What are you least likely to pack in your carry-on bag when flying to Mallorca for a short break with friends? How about baby blackthorn bushes? Twenty of ’em!
Our friends Duncan and Kristina came over to Mallorca last weekend to remind themselves what sunshine looks like (well, they live in the UK and it’s been a bit thin in the sky of late). When we picked them up at the airport, they were keen to point out that one of their carry-on bags needed to be transported carefully. We thought nothing of it until we came home and said bag was opened . . . to reveal what looked like a bunch of twigs in some soil.
On closer inspection they still looked like a bunch of twigs in some soil (miraculously the soil hadn’t parted company from the twigs – some of which were sprouting a bit of greenery). We were none the wiser until our friends explained that these were cell-grown blackthorn bushes that would grow into a hedge, and bear sloes.
The Boss had made some sloe gin about a decade ago, when we lived in the UK, and the last of it was shared with these friends during their previous visit. At the time, he’d mentioned that he’d like to make more, but sloes were almost impossible to find here.
On the Case . . . and in the Case
Our friends set about finding a solution. They went to Buckingham Nurseries and Garden Centre (www.hedging.co.uk) where they explained that the plants were destined to be planted in Mallorca. The helpful member of staff provided plenty of advice and information (in the form of various leaflets that were delivered with the plants), and sold them the 20 baby blackthorn bushes that are currently residing in a bucket of water outside, ready for planting in our field over the weekend.
Our friends were slightly nervous about flying to Mallorca with the plants, but the nurseryman said it wouldn’t be a problem and offered to speak to airport staff on the phone if any problem did arise. As it happens, the case carrying the fledgling hedge passed through the airport X-ray machine without question. Maybe baby bushes aren’t such an unusual item to pack in a carry-on bag on a flight to Mallorca?
7 thoughts on “Sloe Road to Mallorca”
When shall i pop in for sloe gin tasting Jan ? In the reverse, i took home, last October, half a dozen cactus plants, which took the French customs by surprise when they searched my car
Could be a while before we can harvest sloes, so you’d better not wait that long to pop in! There’s
always a beer in the fridge or a bottle of wine open. Ooh, how are the cactus plants doing? Did
French customs let you out or are you writing from a French prison cell?
I think that the X-ray machine has seen a lot of plants passing. My wife’s precious orchids have travelled back and forth between Sweden and Mallorca at least a dozen times without any reaction from security at the airports!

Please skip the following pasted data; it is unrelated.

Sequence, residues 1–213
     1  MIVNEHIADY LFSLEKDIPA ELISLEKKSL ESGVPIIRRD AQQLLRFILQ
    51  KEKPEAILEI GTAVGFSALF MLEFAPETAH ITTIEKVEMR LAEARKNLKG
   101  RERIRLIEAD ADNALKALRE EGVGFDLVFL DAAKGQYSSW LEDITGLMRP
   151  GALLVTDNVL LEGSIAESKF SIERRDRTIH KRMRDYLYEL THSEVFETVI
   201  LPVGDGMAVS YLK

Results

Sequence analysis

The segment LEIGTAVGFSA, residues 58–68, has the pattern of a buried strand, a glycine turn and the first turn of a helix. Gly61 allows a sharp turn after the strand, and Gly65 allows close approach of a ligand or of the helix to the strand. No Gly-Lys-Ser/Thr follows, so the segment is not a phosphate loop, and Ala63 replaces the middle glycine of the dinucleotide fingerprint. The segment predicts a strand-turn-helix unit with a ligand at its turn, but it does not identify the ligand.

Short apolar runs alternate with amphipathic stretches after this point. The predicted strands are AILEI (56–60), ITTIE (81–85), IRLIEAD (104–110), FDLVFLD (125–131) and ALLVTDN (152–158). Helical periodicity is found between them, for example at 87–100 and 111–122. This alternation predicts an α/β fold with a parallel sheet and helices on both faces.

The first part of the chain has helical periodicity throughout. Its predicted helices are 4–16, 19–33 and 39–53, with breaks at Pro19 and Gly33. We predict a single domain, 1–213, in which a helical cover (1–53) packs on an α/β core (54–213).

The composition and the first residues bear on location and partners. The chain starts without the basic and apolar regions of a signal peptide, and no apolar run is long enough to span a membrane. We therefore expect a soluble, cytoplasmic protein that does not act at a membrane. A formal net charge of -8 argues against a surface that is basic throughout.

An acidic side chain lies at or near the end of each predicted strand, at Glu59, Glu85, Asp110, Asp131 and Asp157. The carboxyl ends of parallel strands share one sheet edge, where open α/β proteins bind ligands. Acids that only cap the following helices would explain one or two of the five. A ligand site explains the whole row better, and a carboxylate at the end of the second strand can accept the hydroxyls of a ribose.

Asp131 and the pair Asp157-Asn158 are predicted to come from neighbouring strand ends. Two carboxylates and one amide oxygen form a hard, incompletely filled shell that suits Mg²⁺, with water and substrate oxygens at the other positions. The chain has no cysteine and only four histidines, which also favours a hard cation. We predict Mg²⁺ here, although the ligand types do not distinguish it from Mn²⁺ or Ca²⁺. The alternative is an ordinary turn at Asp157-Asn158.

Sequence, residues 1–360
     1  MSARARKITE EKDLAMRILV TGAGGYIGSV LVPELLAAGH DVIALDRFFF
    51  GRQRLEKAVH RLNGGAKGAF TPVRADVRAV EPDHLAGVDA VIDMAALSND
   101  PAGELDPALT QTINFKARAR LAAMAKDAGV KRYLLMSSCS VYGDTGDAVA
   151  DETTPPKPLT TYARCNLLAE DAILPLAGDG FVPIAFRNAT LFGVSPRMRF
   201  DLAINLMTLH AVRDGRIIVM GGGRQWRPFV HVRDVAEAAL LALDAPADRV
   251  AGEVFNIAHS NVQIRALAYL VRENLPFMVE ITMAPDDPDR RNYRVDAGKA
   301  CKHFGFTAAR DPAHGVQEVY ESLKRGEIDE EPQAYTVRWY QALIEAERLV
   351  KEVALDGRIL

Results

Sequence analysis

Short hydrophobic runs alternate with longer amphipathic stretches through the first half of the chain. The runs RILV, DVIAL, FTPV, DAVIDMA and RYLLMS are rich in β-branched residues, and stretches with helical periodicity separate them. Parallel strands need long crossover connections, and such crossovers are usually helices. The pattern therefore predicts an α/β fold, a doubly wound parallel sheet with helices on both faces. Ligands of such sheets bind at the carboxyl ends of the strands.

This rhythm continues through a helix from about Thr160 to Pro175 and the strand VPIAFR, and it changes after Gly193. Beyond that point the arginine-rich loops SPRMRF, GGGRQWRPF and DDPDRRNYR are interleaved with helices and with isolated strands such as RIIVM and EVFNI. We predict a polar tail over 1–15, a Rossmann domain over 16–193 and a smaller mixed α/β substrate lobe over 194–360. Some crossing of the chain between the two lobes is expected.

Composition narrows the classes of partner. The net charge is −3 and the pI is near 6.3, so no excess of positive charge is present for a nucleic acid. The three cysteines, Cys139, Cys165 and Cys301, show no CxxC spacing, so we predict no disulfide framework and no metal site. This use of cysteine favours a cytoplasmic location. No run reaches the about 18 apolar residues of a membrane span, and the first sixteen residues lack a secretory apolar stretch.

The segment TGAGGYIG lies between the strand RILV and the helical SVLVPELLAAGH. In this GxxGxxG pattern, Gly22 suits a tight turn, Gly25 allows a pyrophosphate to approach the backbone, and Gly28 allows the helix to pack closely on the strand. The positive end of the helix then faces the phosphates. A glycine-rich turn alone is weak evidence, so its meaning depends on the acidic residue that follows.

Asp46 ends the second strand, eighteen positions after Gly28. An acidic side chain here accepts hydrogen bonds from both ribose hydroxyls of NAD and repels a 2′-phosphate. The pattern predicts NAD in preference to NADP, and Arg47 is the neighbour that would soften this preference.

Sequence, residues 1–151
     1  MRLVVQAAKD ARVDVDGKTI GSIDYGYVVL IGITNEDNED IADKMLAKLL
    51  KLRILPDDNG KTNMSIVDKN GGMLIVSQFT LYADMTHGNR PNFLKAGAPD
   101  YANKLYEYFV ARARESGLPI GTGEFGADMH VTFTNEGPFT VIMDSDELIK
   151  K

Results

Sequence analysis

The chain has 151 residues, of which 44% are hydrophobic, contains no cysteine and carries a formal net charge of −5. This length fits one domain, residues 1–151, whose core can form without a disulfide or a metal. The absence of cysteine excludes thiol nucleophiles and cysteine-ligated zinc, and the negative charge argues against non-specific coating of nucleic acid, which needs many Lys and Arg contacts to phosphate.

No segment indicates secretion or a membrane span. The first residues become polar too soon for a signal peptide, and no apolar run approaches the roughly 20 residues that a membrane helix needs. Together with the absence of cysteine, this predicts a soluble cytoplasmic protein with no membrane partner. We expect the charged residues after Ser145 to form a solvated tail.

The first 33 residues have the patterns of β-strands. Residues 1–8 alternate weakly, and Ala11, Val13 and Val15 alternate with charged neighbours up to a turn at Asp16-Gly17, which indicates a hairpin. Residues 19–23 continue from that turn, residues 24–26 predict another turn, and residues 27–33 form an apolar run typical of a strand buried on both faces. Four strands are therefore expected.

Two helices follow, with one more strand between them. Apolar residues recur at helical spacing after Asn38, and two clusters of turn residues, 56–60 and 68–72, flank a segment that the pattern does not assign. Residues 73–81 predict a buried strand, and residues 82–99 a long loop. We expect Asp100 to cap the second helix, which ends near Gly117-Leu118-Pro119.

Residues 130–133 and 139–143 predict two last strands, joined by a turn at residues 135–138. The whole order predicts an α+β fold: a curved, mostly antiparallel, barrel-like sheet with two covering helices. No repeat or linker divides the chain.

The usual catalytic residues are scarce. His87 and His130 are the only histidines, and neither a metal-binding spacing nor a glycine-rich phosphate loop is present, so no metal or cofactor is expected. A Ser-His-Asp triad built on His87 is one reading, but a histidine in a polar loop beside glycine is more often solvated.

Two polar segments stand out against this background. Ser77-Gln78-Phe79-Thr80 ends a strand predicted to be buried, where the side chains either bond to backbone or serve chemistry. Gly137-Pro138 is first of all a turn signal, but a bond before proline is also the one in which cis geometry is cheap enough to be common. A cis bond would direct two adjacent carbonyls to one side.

You’re probably right. It’s amazing what people travel with, isn’t it? I’m amazed that orchids travel well, they always look so delicate! Does make me wonder what the security people think when they see all this stuff travelling through . . .
I really hope you have success with those plants! I live at such a high altitude and with cold winters that I often am pessimistic when I try a new plant. One thing that grows really well here, though, is hops. But….I don’t think we are going to make our own beer.
What, exactly, are sloes? Did I detect a clue in your post? Are they actually a variety of blackberry? I have heard them mentioned more than once in my reading about England but never understood what they are.
What orchard fruits can you grow there in Mallorca? I guess I am obsessed with all the wonderful things people can grow ANYWHERE ELSE BUT HERE!
Perhaps someday we will move to a benign climate just for that reason.
Anyway, good luck!
I’m surprised to hear that you can grow hops where you are, but I think making beer is probably more
complicated (and messy) than making sloe gin. Sloes look a bit like blueberries but are quite sour. I’ve not heard of anyone using them for cooking – only making sloe gin (a very easy process, The Boss tells me, once you’ve managed
to extract the berries from among the rather large thorns).
The fruits commonly grown here are citrus, pomegranates, apricots, plum, peaches, nectarines, strawberries. Raspberries don’t do well (too dry, I think), but we can find blackberries in the hedgerows. The latter don’t do well if there’s not much rain and it’s a very hot summer.
We’re keeping our fingers crossed for the blackthorn hedges – our soil here is notoriously bad, as the land has been overgrazed by sheep.
Thanks for your good luck wishes and for reading my blog!
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